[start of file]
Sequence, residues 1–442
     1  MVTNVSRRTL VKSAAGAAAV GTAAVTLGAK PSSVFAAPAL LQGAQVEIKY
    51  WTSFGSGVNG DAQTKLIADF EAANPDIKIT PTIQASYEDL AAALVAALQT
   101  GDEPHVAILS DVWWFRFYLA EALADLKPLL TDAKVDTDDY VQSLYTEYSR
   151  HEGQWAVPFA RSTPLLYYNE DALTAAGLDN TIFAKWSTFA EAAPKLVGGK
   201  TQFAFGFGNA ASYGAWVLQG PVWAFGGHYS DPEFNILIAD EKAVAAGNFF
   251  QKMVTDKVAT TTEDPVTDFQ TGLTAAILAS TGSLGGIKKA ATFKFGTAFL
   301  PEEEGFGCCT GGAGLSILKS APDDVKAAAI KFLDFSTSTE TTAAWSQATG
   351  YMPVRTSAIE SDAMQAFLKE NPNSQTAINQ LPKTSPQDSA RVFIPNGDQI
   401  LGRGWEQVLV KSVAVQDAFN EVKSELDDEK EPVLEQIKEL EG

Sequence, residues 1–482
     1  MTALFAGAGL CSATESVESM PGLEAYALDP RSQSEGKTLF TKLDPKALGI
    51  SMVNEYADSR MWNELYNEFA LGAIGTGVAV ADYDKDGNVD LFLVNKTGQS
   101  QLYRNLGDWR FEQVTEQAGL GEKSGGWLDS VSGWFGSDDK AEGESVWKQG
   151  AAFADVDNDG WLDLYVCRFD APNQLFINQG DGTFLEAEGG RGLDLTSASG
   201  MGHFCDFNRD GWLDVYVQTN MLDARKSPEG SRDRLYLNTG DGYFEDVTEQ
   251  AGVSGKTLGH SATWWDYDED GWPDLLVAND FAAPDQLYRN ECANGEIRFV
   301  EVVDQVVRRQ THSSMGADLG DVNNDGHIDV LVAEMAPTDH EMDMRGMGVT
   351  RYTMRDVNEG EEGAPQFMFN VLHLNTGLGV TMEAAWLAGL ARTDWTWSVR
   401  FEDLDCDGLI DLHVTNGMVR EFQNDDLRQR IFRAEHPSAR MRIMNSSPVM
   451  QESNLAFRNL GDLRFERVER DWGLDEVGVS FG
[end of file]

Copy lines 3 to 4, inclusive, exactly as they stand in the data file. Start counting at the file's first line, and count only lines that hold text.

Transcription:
    51  WTSFGSGVNG DAQTKLIADF EAANPDIKIT PTIQASYEDL AAALVAALQT
   101  GDEPHVAILS DVWWFRFYLA EALADLKPLL TDAKVDTDDY VQSLYTEYSR